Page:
Bringing the Writing to You: Susan Hope Lanier

Susan Hope Lanier, photo by machine.

Susan Hope Lanier, photo by machine.

So you can get an idea of the writing that the Fiction Writing Department is producing, I am publishing excerpts from work by my fellow Fiction Writing grads. Sooz is also a talented photographer, and you can see her work in Annalemma. We started the program at the same time, and it has been cool to watch this story develop in Proseforms class. It’s now a part of her thesis, a short story collection, set in D.C.

Here’s what she has to say about this piece:

    “It’s based on a dear friend of mine that was shot dining and dashing at an I-hop. I was too close to the material to really do it justice in a nonfiction setting. I was lucky enough to be in a seminar with Aleksander Hemon, and that class really helped me find the arc of the story and develop the characters. Now, almost three years later, this story finally feels done, and I feel pretty good about sending it out.”

Abebe raised a chapped hand to her lips and the end of her cigarette lit up the side of her face as she inhaled a long puff. “Just a minute,” she said, rolling stringy tobacco into a paper sleeve. When she was done she pressed the new cigarette to the butt of the old.

Chain smoking rollies wasn’t the kind of move you expected from a girly girl like Abebe. She looked breakable–she was a twig. That this small thing with knobby joints had the guts to sell drugs came as a surprise, but her skin flaked bark and she could snarl an easy scare. Aside from her inability to read clocks–something I never complained about to her face–Abebe had her shit on lock. She was always in control and never ever double-booked a deal.

So, it came as a surprise when some girl in a marshmallow coat, plopped into the front passenger seat and said, “Mind if we make this quick? I got to pee like Roberta.”
“Berta who?” AJ asked.
The girl turned around, placed her silly chin on the head rest and said, “My Gran. She has to wear diapers.”
A hard penciled line on the bridge of her nose made her look like she had something riding up her ass cheeks too.
I leaned towards her.
“You’re wearing a diaper?”
“Uh. No.” She rolled her sunken eyes, and turned back into her seat.
“You pee in my car, you get new dealer,” Abebe said.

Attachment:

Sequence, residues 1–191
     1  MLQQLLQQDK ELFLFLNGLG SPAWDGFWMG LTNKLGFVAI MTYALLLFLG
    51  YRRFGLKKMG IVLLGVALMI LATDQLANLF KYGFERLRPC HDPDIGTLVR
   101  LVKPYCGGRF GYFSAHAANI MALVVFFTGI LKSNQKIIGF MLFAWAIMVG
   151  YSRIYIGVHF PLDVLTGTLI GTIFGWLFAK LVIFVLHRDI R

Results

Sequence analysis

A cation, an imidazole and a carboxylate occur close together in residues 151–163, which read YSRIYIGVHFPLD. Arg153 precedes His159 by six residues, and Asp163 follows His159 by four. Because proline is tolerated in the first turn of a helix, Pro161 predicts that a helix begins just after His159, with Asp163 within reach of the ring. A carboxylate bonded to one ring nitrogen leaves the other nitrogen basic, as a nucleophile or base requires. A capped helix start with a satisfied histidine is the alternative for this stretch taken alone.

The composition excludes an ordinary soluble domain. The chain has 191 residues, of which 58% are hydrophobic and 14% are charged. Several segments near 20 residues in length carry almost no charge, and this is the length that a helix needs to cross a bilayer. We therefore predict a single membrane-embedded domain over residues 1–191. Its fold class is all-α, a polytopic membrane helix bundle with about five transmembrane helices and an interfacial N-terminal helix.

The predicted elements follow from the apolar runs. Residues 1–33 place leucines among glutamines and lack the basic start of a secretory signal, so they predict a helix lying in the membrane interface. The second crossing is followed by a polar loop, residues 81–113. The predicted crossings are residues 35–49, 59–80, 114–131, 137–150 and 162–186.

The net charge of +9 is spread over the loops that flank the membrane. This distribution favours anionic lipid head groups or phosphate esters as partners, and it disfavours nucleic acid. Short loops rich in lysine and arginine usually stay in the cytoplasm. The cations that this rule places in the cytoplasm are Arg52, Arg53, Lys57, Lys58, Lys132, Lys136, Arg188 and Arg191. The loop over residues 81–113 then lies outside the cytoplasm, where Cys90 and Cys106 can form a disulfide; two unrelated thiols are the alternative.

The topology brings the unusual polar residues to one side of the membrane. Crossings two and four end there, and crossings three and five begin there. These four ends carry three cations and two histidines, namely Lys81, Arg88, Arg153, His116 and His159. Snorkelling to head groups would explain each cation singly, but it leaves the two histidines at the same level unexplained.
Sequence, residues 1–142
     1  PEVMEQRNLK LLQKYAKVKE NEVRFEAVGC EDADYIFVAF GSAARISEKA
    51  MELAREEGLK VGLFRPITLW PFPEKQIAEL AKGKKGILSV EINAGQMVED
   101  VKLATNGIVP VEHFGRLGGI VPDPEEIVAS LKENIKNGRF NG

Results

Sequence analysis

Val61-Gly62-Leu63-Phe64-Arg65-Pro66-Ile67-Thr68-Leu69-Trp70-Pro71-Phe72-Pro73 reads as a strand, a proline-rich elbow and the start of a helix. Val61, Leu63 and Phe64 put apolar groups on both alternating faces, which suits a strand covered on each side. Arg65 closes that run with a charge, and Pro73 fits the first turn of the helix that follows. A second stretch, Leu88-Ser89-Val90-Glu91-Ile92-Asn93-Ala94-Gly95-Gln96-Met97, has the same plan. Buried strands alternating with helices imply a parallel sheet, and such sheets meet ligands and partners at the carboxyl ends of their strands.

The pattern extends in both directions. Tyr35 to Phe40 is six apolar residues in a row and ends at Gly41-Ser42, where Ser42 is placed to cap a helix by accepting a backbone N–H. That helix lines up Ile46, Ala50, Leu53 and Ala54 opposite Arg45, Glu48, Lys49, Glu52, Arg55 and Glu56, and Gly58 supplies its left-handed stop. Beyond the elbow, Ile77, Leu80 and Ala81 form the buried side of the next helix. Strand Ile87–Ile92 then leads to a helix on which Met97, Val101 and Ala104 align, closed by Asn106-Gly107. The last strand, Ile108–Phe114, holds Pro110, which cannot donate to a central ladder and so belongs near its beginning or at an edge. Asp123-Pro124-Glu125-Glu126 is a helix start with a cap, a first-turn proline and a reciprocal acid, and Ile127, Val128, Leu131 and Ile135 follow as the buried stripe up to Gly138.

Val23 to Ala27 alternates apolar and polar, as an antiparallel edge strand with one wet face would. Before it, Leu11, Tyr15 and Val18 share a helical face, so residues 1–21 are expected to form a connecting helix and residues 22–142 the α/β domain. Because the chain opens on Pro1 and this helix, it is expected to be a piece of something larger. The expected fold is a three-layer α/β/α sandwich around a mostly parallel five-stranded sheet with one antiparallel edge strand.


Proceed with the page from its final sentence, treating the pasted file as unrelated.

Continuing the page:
“So, uh, what do we think about all this rain?” AJ asked, taunting.
“Fuck you,” the girl said.
Abebe laughed, then drew a bag of weed from the glove compartment.
More than an eighth, but less than a quarter.
“Sixty dollars,” she said, putting a hand out towards the girl.
“You said forty on the phone.”
“I say sixty.”
“I only have forty.”
“Too bad,” Abebe pulled the bag away.
“But you said–”.
Abebe grabbed the girl by the wrist, and bending it back to her shoulder said, “You don’t have green you don’t get green.”
She whined.
AJ’s elbow pressed into mine when he shoved a hand in his jean pocket and then, leaning over me he waved the wet twenty Charlotte had given him in the direction of the passenger seat.
Abebe let the marshmallow go, “Selfish girl. Always taking.”
“She’s going to get me back.” AJ said it like a fact–without question.  “You’re going to get me back.”
AJ moved the bill closer to the girl’s face. The twenty hung from his fingers like a stale green light about to turn yellow.
Maybe it was all the cigarette smoke, but I couldn’t breathe. I wanted my quarter ounce and out of the car as quick as possible.
“Hey, it’s really coming down out there huh?” I said.
The girl snatched the bill, quick.
Sixty dollars and the bag of weed passed between the two front seats, then the girl was out in the rain; running for the IHOP restroom without so much as a thank you.
“You never see that money again,” Abebe said.
“Who the fuck was that?”
“Don’t know,” AJ said.
“You just gave twenty bucks to some random chick?”
“It’s just twenty bucks.”
“Yeah, twenty bucks Charlotte loaned you,” I said.
AJ just shrugged. That’s it.
Later, when I try to brush Charlotte off after she pays my bail, that’s the kind of shrug I use–a little shoulder raise.